Celebrate in Real Time

A TV ad in the ’80’s for instant coffee instructed us to “Celebrate the Moments of Our Lives.” I’ve never been a fan myself of the drink mix they advertised, but I still like their slogan—and I’m learning how to celebrate “moments” as I’ve gotten older.

50265918_85202_0042_Large Last weekend, I celebrated the receipt of my Master’s degree with a trip to New Hampshire (where the graduation ceremony was held) and with some ancillary stops in beautiful surrounding areas. I was celebrating not just one moment, but a year-and-a-half of moments. (Yea!) We’re all accustomed to celebrating these big events: birthdays, anniversaries, graduations, etc. But what about the “moments” that happen almost everyday? And how do we even recognize them when they come?

When my mother was dying of cancer I learned a great lesson in celebrating the small things. Neighbors and old friends would stop by Mama’s house with casseroles that were cooked just right—or cakes that didn’t “fall” in the oven—or cuttings of Shasta daisies that had bloomed in their yards. I most liked the descriptions they shared of the everyday things—like how big the tomatoes were ripening in their gardens. Their first fruits were “about the size of the end of your thumb” or “as big as your fist” or “’bout like a cat-head biscuit.” Some of the neighbors would talk about their children and grandchildren and their pursuits and accomplishments. I would watch their eyes light up as they spoke of tiny victories and revelations. As I listened, I began to appreciate those “moments” with them—the things that aren’t necessarily what we would label causes to celebrate.

Neo-Impressionist French painter Georges-Pierre Seurat (1859-1891) developed a technique in art called pointillism. The pictures on the canvases he created look optically complete and quite pleasing. His most famous example of pointillism is “A Sunday Afternoon on the Island of La Grande Jatte” pictured here:


This painting was not made with broad strokes but thousands of tiny dots. Each dot is a pure color ingeniously added to the canvas one at a time so that they blend into an image when viewed from a distance. Drawing from this example I ask: Isn’t that what our lives are—tiny specks of people, places, and things that seem individually irrelevant, but can create a beautiful portrait?

In the parable of the talents, Jesus teaches that if we do well with the small things, God will let us be in charge of the bigger things (my paraphrase from Matthew 25: 23). Does this apply to the gift of “moments”? I think it does. Celebrate the little things—the tiny dots of time, people and places—and the bigger pictures will start to appear before our eyes.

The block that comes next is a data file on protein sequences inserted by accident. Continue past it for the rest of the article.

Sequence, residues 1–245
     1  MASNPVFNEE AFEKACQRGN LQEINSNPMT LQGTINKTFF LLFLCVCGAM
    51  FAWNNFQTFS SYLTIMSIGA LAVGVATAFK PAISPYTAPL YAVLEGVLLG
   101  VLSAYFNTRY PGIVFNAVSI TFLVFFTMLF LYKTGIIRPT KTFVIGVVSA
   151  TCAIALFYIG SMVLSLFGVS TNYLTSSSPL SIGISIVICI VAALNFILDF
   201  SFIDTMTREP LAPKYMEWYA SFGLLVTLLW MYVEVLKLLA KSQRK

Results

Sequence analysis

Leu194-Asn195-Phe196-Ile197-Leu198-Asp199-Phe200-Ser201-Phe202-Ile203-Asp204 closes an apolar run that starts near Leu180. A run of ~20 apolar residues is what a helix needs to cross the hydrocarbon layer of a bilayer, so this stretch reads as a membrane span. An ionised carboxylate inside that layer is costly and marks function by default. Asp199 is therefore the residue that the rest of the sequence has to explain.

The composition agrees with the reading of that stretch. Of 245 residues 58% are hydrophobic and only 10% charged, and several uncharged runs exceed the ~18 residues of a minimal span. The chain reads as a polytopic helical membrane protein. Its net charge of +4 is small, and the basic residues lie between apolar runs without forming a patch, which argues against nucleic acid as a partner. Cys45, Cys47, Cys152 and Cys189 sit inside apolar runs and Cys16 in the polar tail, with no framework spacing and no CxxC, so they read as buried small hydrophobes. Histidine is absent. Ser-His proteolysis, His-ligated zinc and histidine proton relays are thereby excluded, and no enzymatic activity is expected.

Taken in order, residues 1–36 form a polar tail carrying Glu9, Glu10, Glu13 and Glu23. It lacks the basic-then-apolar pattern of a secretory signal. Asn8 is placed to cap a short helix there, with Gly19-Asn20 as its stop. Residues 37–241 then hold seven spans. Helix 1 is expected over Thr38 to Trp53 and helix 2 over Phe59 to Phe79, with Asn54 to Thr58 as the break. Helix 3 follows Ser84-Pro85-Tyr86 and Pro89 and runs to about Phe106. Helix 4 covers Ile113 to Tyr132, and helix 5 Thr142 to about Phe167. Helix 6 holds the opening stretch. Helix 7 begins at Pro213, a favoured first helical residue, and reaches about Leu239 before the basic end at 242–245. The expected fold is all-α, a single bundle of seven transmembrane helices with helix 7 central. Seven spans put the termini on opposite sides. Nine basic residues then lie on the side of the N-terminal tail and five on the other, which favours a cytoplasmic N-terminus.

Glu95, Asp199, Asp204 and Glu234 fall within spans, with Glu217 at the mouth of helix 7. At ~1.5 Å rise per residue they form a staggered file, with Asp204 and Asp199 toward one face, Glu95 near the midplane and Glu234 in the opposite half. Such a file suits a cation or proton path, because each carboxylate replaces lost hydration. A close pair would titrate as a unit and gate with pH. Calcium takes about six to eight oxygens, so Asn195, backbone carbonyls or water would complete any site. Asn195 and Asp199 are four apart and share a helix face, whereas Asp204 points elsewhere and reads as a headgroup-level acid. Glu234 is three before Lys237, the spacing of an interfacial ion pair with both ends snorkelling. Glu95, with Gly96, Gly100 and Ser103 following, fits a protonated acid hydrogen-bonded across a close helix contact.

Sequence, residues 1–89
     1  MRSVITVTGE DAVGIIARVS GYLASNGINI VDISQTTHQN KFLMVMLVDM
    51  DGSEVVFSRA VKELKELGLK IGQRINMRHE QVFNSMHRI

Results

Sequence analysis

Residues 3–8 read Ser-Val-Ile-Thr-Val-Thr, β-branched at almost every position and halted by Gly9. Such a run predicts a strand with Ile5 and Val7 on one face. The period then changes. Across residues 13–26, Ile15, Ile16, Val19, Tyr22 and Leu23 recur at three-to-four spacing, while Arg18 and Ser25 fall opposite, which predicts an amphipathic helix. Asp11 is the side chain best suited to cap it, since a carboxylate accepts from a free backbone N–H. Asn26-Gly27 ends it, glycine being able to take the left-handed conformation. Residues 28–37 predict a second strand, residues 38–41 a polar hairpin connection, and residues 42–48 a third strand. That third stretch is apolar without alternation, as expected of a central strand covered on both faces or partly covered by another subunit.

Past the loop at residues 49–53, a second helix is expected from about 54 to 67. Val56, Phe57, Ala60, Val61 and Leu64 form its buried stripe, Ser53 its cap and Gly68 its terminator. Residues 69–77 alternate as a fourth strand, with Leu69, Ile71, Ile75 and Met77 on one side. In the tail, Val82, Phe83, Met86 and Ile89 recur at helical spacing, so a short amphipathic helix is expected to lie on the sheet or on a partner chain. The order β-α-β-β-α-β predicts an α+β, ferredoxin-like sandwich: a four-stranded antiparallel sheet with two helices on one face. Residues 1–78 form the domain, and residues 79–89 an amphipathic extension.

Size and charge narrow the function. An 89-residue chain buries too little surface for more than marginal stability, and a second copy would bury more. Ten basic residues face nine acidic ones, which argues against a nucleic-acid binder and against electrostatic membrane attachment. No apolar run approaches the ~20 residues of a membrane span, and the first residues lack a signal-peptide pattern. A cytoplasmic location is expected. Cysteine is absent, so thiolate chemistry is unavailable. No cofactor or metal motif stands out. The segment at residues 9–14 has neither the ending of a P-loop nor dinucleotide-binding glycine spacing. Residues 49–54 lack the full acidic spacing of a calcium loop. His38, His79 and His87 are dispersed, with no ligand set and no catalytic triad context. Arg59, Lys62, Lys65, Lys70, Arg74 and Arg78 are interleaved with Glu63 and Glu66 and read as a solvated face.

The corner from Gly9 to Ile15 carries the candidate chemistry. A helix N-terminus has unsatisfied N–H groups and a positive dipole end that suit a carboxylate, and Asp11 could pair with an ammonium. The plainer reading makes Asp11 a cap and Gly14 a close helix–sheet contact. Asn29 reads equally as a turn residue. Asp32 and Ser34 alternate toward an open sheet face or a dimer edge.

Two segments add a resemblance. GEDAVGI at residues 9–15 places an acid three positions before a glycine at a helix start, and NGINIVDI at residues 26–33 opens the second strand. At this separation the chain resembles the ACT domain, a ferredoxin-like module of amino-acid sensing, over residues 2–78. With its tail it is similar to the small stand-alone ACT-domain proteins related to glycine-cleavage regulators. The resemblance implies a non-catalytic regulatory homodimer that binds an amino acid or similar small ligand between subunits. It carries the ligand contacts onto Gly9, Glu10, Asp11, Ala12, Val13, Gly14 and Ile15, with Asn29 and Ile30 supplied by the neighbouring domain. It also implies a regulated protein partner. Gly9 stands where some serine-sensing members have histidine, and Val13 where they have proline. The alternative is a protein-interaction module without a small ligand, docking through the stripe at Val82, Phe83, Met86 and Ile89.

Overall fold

Every good and perfect gift is from above, coming down from the Father of lights, with whom there is no variation or shifting shadow. (James 1:17)


4 thoughts on “Celebrate in Real Time

  1. Gloria Peacock

    The older you get, the more you realize the truth of these words. So blessed that many of the dots in our lives are moments spent with Dennis & Nan Allen during their years at FBC Marianna. Special moments indeed! Love your family!!!!

  2. Cindy Hardin

    Love this one, Nan! Congrats on the hard work you completed to receive your Master’s Degree. Remembering the special moments we had together on summer youth trips, SonPower, Grateful Hearts and Dinner Theaters….to mention a few. I love seeing pictures of you all in your GA home……..you look so happy and for that, I am very grateful. Thanks for the memories and know that you will forever be in my heart! Love ya!

  3. John Howard

    Some life events absolutely help us reflect on gushers of these dots that we’ve been blessed with along the way. Most are terrific, and some of them sand or buff us up a bit. You and Dennis and your ministry have been these Blessed dots for countless folk….and continue to. Thanks for sharing what He gives you.


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